General News

News Roundup: Aug. 8

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Aug 08, 2001 | 8:20am EDT

Top Story

Madonna has set her heart on a new home. The singer and her husband, British film director Guy Ritchie, are on the verge of buying a $12.75 million British mansion that once belonged to photographer Cecil Beaton, Reuters reports.

Ailing

French film star Jean-Paul Belmondo was hospitalized Wednesday in Paris for emergency treatment of what medical officials are calling a cerebral accident, The Associated Press reports. Belmondo, 68, is listed in serious condition, but is conscious. He was hospitalized early Wednesday in Corsica and then flown by helicopter to Paris.

Deaths

Lorenzo Music, the voice of the cartoon cat Garfield, died Sunday at his home in Los Angeles of lung cancer, AP reports. According to his wife, Henrietta, the 64-year-old Mr. Music worked until a month ago when he recorded Garfield's voice for a car commercial. He is survived by his wife and four children.

In Court

Michael Cournede, the 19-year-old co-defendant in the robbery case against Sopranos actor Robert Iler, has been charged with stealing money, a jacket, and a compact disk player from a teen-age victim in a separate incident on April 19 by Manhattan District Attorney Robert Morgenthau on Tuesday, AP said. If convicted on the first-degree robbery charge, Cournede could face up to 25 years in prison.

Honored

Jim Nabors, who played the character of Pfc. Gomer Pyle in the 1964 TV sitcom Gomer Pyle, U.S.M.C., is ready to be promoted. According to AP, Gen. James Jones, commandant of the Marine Corps, will promote the character to lance corporal Thursday at a private ceremony at Camp H.M. Smith on Oahu, Hawaii.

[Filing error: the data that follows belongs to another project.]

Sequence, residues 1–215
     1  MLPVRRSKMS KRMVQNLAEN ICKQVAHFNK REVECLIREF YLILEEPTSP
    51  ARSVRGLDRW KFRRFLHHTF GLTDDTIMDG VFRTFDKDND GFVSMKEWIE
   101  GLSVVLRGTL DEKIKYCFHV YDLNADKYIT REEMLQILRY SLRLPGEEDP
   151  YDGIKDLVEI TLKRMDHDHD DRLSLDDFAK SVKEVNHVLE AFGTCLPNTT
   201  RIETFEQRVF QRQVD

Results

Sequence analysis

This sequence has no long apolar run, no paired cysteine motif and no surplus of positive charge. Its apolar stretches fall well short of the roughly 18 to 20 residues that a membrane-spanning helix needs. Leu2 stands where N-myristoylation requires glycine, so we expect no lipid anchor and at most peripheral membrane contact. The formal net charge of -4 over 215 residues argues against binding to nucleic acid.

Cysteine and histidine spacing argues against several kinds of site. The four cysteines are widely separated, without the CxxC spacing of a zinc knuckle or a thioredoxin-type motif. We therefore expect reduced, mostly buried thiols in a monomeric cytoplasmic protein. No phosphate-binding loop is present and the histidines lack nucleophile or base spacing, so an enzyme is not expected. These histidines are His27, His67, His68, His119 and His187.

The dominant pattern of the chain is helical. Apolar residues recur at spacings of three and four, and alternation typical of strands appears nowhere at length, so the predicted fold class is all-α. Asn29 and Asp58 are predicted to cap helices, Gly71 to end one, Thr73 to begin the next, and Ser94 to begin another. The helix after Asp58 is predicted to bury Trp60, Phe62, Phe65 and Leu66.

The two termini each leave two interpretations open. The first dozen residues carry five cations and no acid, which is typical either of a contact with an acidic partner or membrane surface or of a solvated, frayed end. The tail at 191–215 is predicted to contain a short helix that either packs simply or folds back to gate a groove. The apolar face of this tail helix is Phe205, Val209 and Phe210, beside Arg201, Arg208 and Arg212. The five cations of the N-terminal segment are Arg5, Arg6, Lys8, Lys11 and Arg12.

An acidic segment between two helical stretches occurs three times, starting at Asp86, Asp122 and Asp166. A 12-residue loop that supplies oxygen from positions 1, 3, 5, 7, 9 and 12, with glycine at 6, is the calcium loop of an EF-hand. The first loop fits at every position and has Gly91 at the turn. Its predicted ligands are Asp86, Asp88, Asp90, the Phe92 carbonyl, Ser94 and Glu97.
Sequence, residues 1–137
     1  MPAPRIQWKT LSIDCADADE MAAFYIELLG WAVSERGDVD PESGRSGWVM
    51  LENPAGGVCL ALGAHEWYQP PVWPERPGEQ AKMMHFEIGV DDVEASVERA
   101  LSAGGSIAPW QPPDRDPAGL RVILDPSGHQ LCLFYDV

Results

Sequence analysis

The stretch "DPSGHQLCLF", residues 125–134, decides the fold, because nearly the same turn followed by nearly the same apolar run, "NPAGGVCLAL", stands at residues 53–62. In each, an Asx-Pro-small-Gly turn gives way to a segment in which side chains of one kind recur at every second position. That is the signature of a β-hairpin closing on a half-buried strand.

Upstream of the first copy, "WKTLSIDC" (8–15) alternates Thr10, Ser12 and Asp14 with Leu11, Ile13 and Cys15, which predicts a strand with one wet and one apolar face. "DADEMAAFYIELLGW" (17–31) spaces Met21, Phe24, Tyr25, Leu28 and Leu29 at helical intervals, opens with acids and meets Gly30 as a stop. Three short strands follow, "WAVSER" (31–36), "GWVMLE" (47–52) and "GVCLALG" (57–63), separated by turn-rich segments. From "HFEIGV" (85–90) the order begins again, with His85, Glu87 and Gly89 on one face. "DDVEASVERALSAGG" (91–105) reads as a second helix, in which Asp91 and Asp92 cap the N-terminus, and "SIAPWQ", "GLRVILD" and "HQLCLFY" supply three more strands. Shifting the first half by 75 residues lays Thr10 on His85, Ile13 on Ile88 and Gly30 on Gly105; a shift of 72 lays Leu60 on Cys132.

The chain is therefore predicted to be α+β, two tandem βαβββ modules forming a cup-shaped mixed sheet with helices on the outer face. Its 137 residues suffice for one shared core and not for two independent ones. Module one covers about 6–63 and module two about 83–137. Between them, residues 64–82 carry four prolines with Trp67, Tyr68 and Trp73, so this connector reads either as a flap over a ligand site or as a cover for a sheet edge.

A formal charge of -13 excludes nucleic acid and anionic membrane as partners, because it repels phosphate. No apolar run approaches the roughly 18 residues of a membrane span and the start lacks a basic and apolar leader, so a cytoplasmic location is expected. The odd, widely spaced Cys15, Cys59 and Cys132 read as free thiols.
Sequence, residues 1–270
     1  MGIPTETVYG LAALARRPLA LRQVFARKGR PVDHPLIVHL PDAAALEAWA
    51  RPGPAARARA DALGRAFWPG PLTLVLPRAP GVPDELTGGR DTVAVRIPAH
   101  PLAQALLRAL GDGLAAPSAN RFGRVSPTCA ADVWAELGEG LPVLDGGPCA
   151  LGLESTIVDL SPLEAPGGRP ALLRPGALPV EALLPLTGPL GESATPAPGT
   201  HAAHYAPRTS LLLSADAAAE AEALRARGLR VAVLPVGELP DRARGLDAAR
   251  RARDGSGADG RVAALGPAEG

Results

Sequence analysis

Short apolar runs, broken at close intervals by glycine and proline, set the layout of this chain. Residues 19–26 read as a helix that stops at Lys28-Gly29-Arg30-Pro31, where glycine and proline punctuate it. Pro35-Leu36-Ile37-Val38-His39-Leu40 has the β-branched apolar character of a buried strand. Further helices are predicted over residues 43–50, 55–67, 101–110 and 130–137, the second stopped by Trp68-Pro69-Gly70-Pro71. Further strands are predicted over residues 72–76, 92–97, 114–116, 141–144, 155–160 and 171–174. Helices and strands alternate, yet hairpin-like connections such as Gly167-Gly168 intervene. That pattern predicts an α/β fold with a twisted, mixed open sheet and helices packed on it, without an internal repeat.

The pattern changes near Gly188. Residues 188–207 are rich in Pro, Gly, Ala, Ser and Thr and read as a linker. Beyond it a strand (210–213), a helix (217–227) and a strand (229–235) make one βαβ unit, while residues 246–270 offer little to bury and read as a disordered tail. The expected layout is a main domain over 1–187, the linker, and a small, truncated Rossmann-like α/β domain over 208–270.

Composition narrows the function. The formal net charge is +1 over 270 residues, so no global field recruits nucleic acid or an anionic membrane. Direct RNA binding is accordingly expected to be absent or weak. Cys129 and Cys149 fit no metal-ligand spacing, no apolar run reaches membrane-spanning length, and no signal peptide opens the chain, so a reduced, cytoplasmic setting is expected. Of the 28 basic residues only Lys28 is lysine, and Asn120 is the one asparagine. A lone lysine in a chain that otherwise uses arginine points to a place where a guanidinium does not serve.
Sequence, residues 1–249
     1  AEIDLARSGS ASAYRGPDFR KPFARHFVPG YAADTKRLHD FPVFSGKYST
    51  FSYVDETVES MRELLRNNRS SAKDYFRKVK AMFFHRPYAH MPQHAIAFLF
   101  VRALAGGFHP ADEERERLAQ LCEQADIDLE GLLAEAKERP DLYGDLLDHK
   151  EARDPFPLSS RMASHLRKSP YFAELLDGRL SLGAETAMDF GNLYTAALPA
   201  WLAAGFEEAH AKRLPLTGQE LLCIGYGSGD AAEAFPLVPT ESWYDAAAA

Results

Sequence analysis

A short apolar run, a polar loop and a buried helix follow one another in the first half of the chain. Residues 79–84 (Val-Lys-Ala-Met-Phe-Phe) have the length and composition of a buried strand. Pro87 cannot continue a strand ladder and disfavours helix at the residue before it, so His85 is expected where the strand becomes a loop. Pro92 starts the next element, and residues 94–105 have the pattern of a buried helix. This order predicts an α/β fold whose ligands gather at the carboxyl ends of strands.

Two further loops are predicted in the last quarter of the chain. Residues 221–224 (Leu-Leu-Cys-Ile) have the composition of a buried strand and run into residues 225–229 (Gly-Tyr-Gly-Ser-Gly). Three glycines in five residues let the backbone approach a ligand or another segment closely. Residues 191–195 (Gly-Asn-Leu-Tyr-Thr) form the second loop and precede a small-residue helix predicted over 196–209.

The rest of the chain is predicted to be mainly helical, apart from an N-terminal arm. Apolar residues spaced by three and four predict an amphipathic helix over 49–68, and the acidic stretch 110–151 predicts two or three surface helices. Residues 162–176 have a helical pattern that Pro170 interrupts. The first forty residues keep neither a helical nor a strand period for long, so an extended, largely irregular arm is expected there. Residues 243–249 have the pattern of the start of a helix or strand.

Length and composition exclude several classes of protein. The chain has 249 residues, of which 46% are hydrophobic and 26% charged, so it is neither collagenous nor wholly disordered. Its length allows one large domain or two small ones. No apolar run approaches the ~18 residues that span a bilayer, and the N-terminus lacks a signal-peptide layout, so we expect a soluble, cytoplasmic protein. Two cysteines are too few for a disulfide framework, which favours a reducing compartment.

In General

Eminem protégés D12 and the Detroit acid-rapper Esham were thrown off the Vans Warped Tour show after a fight broke out backstage during the Aug. 3 show in Camden, N.J. Esham's publicist told SonicNet.com that the members of D12 jumped hims, causing a broken nose, ruptured eyeball, mild concussion.

A new batch of performers will be honored at the Rock and Roll Hall of Fame in Cleveland, ABCNews,com reports. Among them are former teen idols David Cassidy, Deborah Gibson and New Kids on the Block, who have provided the museum's curator, Jim Henke, with memorabilia.

Dr. Who has been cited as the most influential television cult programs of all time, according to a list compiled by media historian Jeff Evans for his new untitled reference book. Fawlty Towers and Star Trek ranked second and third, Reuters reports. Other top shows included Monty Python's Flying Circus, The Prisioner, The X Files and The Simpsons.

Anne Heche will star on her own television series for Warner Bros., scheduled for fall 2002. According to the Hollywood Reporter, Heche's salary will fall on the $1 million range. The studios are still unsure if the actress will act on a half-hour or hour-length show, but she has expressed interest in doing comedy.

Tyne Daly's paycheck for her CBS drama Judging Amy will climb from mid-five figures to six figures next season after the actress agreed to extend her contract by another year. According to the Hollywood Reporter, the deal settles the dust between Daly and the show's producers after the actress did not return to work for the show's third season.

Survivor 2 contestant Michael Skupin says he will not run for the U.S. Senate in 2002, AP reports. Skupin, 39, says he wants focus on his family and his new company, Michael Skupin Ministries, which fights alcohol and drug addiction. The former contestant told AP that he "will have the opportunity again when the timing is better."

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